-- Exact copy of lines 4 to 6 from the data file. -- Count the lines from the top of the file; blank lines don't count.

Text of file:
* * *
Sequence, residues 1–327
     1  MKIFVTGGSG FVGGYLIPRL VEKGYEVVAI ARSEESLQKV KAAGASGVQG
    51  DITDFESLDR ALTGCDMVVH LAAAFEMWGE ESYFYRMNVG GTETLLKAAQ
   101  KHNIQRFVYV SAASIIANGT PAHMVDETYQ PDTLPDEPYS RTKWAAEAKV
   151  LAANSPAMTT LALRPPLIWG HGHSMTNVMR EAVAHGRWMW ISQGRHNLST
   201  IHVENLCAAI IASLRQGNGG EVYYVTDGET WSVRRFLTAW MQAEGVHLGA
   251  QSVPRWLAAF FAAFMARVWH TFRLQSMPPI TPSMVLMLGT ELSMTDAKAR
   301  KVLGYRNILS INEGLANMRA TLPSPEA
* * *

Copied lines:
   101  KHNIQRFVYV SAASIIANGT PAHMVDETYQ PDTLPDEPYS RTKWAAEAKV
   151  LAANSPAMTT LALRPPLIWG HGHSMTNVMR EAVAHGRWMW ISQGRHNLST
   201  IHVENLCAAI IASLRQGNGG EVYYVTDGET WSVRRFLTAW MQAEGVHLGA